The Titan, a submersible bound for the Titanic wreckage deep under sea level, went missing an hour and 45 minutes into its dive. It has five passengers on board. Image: Ocean Gate / Handout/Anadolu Agency via Getty Images
In an ironic ‘reality is stranger than fiction’ twist, an expensive expedition that took five people underwater in a submersible to see the remains of the Titanic at the bottom of the North Atlantic Ocean, has gone missing.
On Wednesday morning (IST), the US Coast Guard reported on Twitter that a Canadian search aircraft has detected ‘underwater noises in the search area’ and has relocated its search to find the origin of the noises. “Those ROV searches have yielded negative results but continue”, the Twitter statement read.
What is the Titanic tourist expedition?
US firm OceanGate launched an underwater expedition to visit the Titanic shipwreck in a submersible called the Titan. The eight-day sojourn costs $250,000 per person.
The Titan is a five-person vehicle designed to dive down to 4,000 metres (13,000 feet). It has oxygen or life support that can last five crew members for 96 hours. It is typically used for research, inspection and data collection, and took off on a tourist expedition on June 18, 2023, with five people on board. Within an hour and 45 minutes, it lost contact with its support ship, off the coast of Newfoundland in Canada.
Its breathable oxygen is meant to run out by the morning of June 22, 2023, local time. Search and rescue operations continue by US Coast Guard after a tourist submarine bound for the Titanic's wreckage site went missing off the southeastern coast of Canada. Image: Ocean Gate / Handout/Anadolu Agency via Getty Images)
Who is on board the Titan?
While authorities have not officially released the names of the missing people, international news outlets have confirmed that the following five people are on board:
Capt. Jamie Frederick of the U.S. Coast Guard gives an update on the search. efforts for five people aboard the missing submersible, approximately 900 miles off Cape Cod, on June 20, 2023 in Boston, Massachusetts. Image: Scott Eisen/Getty Images
- British billionaire, aviator and explorer Hamish Harding, 58, who lives in the UAE. Harding is the founder of private equity investment firm Action Group and the chairperson of aviation brokerage company Action Aviation. According to his LinkedIn profile, Harding spent five years in Bengaluru as managing director of Logica India from 1997 to 2022.
He holds multiple Guinness Records, and has visited the South Pole with astronaut Buzz Aldrin; he also flew to space on Jeff Bezos’s Blue Origin spacecraft in 2022.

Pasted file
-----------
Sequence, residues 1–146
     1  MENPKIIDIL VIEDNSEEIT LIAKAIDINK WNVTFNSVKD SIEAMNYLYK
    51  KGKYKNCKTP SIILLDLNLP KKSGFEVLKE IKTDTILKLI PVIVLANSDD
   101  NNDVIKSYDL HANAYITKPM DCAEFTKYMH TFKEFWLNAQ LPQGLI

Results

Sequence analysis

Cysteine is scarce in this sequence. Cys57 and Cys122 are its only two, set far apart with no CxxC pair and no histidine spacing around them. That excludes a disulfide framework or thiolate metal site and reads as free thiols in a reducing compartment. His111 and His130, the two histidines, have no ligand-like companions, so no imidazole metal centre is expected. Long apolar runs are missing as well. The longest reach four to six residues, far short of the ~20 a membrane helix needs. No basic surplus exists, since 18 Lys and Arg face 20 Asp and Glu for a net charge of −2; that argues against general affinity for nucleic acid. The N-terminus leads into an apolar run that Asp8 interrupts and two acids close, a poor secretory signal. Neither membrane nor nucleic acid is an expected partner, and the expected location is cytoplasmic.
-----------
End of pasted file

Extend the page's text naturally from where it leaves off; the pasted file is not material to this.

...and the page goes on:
- Pakistani millionaire Shahzada Dawood, 48, and his son, Suleman, 19. Dawood, who hails from one of Pakistan’s richest families, is vice-chairman of Pakistani conglomerate Engro Corporation, encompassing agriculture, petrochemicals and telecommunication infrastructure. He lives in the UK with his family, but spent a month in Canada prior to the dive. Suleman is a student. The family has confirmed in a statement to the Associated Press that the father-son duo were aboard the submersible.
- Former French navy officer Paul-Henry Nargeolet, who is a Titanic expert and has reportedly spent more time at the shipwreck than anyone else. He visited the shipwreck first back in 1987.
- OceanGate chief executive Stockton Rush is on board, a spokesperson confirmed to The New York Times.
What do we know so far?
The submersible had 40 hours of oxygen left at 1 pm EST on Tuesday, the US Coast Guard said, which gives search parties time until Thursday morning in the same time zone. However, the search is complicated because of the sheer depth of the mission: The Guinness Record for the deepest underwater rescue ever was at 1,575 ft around Ireland, where the crew was trapped for 76 hours. The Titanic shipwreck is nearly 13,000 ft below sea level.
It is unclear how deep the Titan submersible has been. The submersible, unlike a submarine, can’t stay underwater for long. The Titan has hosted similar expeditions to the Titanic wreck of 10 to 11 hours. This image courtesy of Dirty Dozen Productions shows Hamish Harding ahead of the 4am start of the RMS Titanic Expedition Mission 5 on the morning of June 18, 2023. Image: Dirty Dozen Productions / AFP
As far back as 2018, OceanGate received several warnings about the dangers of the submersible, including from its Director of Marine Operations, David Lochridge, who worked on a “scathing document” that said the craft needed more testing, warning of potential dangers. Soon after, about three dozen external experts wrote a letter to Stockton Rush collectively expressing ‘unanimous concern’.
“Our apprehension is that the current experimental approach adopted by Oceangate could result in negative outcomes (from minor to catastrophic) that would have serious consequences for everyone in the industry,” the letter said. The wreck of the Titanic, which sank in April 1912, is lying 4,000 meters into the sea. Image: Xavier DESMIER/Gamma-Rapho via Getty Images
The search is on
The US Coast Guard, US Navy, US Air Force, Canadian Coast Guard, and Canadian military have all joined the search; France has also sent a research vessel with an underwater robot. Experts say that even after the submersible is traced, rescue will be a complex operation depending on its depth.
According to CNN, “the US Navy’s nuclear-powered submarines usually operate at 800 feet or less—meaning they can’t dive down to the ocean floor, where water pressure on the submarine hull could make it implode”. In case of the Guinness Record-holding rescue operation in Ireland, other submersibles and remotely operated recovery vessels were used to pull it back to surface. It is not yet clear if these methods will work for the Titan.